That Saddam had built an armada of trucks that could drive around the countryside churning out anthrax, botulinum toxin, and other deadly microbes and toxins, and do it with a great degree of sophistication. He said he worked at one of the places where the trucks were built and that similar vehicles were being produced at five other locations in Iraq. He further claimed that six of these units were already roaming around Iraq. The CIA took a WAG, which is a term of art that means a “Wild Assed Guess,” and made the ludicrous conclusion that these trucks could run nonstop for six months. They came up with increasingly dramatic and frightening predictions before the war, saying that Saddam had greater capacity and stockpiles than he did before the Persian Gulf War. In January 2003, President Bush gave his State of the Union address. It’s mostly remembered for those sixteen words on Niger but he also for first time publicly cited intelligence from Curveball. A week later Colin Powell made his famous presentation at the UN Security Council, and information from Curveball was the absolute highlight of his speech. He even showed pictures of the supposed bio-trucks. But the trucks never existed–it was all an illusion. The CIA didn’t just fail to connect the dots, it made up the dots.
4. What were Curveball’s motives in making this stuff up?
Curveball was a poor man with a modest ambition: he fled tyranny to find a better life. I actually found myself sympathetic to him–my great-grandparents did the same thing at the turn of the 20th century. He was not trying to start a war. He went to Germany and told a few lies to try to get asylum. German officials told me that every Iraqi told lies to get asylum. In this case, other people, especially in Washington, twisted those lies to the point that the U.S. President and secretary of state were quoting him to the world. That wasn’t his fault. In the end, the flood of mistranslations and misperceptions proved more important than anything he actually said. The story he told was that he worked on vehicles that contained German-made equipment, which is one reason the Germans were very nervous about his story and why they never let the Americans talk to Curveball directly. He said that the whole program was run under the guise of a civilian agricultural program to improve seeds. And what happened was that three days after Colin Powell’s speech, UN teams went directly to the site where Curveball had worked and they found, among other things, three trailers filled with German equipment. But they were just trailers, they weren’t bio-weapons trucks. As with every really good lie, there was a kernel of truth. You could check some pieces and substantiate it but when you put it all together it didn’t add up.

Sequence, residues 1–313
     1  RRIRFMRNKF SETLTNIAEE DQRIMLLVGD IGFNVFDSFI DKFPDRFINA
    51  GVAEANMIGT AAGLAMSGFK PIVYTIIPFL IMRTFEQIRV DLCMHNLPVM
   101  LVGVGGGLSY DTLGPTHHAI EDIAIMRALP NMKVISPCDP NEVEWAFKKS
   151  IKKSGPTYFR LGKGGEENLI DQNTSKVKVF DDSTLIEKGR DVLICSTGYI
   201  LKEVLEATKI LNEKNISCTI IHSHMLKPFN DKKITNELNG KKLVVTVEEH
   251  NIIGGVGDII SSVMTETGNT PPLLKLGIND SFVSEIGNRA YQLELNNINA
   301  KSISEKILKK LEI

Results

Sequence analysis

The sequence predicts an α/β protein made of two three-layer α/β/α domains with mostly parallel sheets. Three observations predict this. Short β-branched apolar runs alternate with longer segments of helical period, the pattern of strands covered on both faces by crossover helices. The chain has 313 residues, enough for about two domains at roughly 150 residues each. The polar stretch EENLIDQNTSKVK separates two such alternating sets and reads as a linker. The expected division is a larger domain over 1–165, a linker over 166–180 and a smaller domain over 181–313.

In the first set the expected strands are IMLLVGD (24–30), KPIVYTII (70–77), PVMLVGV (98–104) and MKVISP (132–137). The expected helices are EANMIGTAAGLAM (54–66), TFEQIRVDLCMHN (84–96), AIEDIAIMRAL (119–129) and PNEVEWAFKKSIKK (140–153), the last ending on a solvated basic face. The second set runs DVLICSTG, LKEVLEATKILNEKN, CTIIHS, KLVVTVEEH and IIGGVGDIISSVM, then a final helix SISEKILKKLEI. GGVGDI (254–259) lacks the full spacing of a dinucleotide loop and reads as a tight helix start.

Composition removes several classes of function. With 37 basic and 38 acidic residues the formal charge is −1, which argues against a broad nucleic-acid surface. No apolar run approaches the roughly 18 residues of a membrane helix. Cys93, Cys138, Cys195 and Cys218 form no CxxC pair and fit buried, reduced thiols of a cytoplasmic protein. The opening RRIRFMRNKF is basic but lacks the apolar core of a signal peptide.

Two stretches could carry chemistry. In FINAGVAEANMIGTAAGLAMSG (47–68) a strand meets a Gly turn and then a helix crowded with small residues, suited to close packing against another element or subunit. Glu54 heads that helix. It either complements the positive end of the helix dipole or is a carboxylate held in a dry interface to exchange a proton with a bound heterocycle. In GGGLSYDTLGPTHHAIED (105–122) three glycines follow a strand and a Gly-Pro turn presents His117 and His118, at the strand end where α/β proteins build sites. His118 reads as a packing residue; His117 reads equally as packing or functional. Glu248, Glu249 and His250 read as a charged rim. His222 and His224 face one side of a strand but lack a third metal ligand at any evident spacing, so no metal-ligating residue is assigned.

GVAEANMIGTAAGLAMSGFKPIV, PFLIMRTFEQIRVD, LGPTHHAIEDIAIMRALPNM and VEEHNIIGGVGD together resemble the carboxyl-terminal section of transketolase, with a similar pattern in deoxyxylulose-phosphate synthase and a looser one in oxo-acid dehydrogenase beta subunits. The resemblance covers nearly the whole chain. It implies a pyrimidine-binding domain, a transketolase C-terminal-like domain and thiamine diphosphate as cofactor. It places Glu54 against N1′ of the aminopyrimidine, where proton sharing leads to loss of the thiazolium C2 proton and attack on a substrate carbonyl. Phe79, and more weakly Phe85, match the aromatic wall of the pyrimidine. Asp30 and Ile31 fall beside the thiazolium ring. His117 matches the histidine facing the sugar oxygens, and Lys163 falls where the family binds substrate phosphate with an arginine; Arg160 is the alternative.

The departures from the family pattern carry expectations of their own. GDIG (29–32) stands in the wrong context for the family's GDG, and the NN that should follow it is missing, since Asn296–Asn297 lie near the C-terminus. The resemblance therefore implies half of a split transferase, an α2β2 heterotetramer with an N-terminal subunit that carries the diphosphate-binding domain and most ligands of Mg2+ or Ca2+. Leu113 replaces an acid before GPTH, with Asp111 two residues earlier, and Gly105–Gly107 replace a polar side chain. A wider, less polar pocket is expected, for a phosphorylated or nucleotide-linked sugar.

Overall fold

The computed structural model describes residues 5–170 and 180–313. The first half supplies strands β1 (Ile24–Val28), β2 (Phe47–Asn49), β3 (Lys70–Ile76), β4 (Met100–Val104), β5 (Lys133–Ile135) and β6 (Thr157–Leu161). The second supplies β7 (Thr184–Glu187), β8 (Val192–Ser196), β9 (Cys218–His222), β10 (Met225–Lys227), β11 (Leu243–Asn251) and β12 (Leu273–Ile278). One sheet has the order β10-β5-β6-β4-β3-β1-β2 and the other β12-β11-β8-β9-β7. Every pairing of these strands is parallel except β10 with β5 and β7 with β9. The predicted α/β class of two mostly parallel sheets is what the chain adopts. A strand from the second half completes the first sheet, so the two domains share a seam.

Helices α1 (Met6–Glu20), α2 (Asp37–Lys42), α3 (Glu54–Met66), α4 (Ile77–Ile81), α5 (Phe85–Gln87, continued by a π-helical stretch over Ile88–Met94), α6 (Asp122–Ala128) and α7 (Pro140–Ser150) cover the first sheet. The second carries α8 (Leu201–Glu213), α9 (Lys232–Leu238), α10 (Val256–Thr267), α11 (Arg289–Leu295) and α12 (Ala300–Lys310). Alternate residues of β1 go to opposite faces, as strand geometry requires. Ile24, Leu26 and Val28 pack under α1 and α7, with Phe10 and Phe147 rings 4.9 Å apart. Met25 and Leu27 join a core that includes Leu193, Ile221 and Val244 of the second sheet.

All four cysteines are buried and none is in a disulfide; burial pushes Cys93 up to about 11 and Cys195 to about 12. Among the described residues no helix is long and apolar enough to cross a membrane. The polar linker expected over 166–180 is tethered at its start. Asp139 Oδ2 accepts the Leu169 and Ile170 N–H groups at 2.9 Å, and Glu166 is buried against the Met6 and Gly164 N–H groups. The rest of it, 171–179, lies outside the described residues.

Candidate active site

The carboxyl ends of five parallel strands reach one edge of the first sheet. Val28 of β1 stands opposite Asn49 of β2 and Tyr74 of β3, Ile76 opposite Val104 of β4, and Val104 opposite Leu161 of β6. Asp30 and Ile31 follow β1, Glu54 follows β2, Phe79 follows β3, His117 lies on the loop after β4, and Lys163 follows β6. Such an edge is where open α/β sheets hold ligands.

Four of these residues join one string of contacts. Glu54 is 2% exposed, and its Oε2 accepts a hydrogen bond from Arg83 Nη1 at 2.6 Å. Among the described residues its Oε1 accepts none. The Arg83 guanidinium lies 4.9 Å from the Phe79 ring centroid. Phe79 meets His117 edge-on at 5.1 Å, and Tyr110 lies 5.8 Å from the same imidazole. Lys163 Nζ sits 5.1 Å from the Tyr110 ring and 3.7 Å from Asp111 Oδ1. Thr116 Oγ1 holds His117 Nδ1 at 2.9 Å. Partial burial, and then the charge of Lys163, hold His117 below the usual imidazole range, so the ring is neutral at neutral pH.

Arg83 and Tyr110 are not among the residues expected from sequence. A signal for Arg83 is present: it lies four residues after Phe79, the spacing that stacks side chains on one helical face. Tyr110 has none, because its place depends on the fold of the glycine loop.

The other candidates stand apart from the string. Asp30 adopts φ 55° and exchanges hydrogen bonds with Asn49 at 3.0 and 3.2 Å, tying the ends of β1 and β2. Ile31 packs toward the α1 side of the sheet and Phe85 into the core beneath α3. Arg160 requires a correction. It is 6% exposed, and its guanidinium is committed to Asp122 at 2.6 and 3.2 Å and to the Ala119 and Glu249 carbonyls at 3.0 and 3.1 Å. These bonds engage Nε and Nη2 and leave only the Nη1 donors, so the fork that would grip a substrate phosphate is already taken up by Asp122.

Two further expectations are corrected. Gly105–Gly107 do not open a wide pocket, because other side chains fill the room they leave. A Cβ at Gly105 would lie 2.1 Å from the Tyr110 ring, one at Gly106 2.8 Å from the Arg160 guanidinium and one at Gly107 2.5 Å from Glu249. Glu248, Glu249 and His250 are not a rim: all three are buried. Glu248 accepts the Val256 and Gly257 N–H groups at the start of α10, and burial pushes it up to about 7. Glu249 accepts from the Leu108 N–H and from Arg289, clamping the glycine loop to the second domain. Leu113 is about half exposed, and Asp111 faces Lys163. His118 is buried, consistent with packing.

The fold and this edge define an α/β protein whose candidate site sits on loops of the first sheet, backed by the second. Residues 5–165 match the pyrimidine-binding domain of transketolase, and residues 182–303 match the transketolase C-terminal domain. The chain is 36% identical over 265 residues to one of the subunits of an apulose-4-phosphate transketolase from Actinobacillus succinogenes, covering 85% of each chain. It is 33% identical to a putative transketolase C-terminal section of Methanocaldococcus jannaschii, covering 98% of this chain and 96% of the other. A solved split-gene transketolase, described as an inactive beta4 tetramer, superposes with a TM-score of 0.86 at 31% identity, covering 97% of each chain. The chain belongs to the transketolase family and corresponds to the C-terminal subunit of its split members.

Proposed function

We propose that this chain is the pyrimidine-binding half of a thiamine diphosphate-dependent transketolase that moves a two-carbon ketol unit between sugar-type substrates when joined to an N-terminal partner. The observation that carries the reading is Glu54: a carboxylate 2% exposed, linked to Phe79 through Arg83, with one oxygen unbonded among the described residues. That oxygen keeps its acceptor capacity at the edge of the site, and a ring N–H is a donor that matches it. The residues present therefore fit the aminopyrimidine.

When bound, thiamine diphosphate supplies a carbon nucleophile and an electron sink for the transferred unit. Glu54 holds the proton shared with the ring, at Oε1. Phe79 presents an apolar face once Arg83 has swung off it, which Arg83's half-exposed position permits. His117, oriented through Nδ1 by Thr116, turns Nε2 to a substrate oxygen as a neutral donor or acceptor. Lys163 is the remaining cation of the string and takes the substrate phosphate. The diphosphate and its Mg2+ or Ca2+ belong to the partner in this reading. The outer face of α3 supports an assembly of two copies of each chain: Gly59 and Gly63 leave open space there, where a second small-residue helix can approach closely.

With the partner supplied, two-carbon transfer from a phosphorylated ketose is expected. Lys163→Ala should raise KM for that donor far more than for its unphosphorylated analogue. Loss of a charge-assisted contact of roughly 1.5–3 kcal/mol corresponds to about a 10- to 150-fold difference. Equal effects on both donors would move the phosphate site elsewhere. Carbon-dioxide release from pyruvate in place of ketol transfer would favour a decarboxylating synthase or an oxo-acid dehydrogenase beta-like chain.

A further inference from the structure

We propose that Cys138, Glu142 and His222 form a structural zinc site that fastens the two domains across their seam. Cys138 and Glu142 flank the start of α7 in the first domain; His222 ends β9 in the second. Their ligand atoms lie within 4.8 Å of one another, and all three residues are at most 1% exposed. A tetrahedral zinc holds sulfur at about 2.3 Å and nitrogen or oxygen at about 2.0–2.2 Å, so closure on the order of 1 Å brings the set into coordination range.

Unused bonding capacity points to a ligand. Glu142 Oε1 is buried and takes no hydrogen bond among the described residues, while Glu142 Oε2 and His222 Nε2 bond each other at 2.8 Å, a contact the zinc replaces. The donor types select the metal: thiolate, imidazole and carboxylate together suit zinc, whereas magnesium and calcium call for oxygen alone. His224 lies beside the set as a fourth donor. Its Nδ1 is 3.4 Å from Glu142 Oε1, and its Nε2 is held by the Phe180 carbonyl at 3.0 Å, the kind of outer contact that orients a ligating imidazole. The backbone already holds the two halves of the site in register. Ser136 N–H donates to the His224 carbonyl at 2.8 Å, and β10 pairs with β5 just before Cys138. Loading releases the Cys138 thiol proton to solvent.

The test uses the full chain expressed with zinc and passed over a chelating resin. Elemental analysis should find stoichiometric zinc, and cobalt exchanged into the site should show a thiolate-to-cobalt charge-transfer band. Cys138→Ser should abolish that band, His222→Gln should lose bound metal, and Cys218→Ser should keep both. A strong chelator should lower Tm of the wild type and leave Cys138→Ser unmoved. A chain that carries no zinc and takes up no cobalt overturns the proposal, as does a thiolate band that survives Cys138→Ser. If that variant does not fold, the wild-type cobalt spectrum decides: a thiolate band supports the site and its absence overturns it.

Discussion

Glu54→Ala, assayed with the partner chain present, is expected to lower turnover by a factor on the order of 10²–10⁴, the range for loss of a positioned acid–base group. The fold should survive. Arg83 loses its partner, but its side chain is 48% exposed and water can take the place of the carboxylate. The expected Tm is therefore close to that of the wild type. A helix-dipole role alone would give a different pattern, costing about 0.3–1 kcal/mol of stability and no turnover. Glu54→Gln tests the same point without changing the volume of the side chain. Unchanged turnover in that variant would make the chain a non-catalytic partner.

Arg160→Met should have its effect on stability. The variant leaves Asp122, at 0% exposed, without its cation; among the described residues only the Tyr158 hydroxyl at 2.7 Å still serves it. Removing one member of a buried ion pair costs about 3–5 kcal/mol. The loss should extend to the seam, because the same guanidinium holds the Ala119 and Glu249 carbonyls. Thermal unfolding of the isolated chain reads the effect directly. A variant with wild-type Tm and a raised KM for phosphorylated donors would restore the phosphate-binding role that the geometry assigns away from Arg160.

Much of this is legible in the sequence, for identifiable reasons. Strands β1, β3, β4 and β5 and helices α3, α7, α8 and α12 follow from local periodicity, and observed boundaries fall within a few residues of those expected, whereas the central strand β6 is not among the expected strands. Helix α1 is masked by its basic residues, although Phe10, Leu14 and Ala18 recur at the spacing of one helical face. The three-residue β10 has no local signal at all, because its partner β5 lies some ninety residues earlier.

5. So did the CIA screw up or did the Bush Administration cherry-pick the intelligence it was given?
The real scandal here was the intelligence failure. The administration didn’t have to cherry-pick intelligence to go to war, because the CIA served it to them on a silver platter. The National Intelligence Estimate (NIE) is supposed to be the gold standard for U.S. intelligence. It typically takes about six months or a year to produce a major NIE. It’s a deliberative process and the final product is usually filled with caveats. The Iraq NIE of late 2002 was produced in 19 days. It’s too simple to assume that three guys sitting in a room caused the war. The causes have more to do with bureaucracy and groupthink. Time and again CIA leaders ignored contrary evidence, brushed aside complaints, and even punished skeptics. Those who tried to bring truth to power were treated like heretics. There was tawdry ambition, frightening ineptitude and spineless leadership
6. So are you arguing that Bush was a victim of the CIA?
A starting point for me is that George Bush led the country to war and is solely responsible for that as President and Commander in Chief. But the debate before the war was not really about whether Saddam had WMD. The Iraqis were the only ones saying there were no WMDs and it turns out they were telling the truth. Otherwise, intelligence organizations and governments universally believed that he did have them, even the French and the Germans, though they thought he was in a box and so it wasn’t worth going to war. What I tried to do was figure out what went wrong and how and agency that spent $45 billion a year (and more now) led us into the worst foreign policy nightmare of the past forty years. Never before has American sacrificed so much blood, treasure, and prestige in pursuit of a delusion, and Curveball was a big part of the reason for that.
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A federal judge sentenced the journalist Barrett Brown to 63 months in prison for sharing a link to information stolen from the private-intelligence firm Stratfor by a hacker in 2011. “Good news!” Brown said in a statement. “They’re now going to send me to investigate the prison-industrial complex.”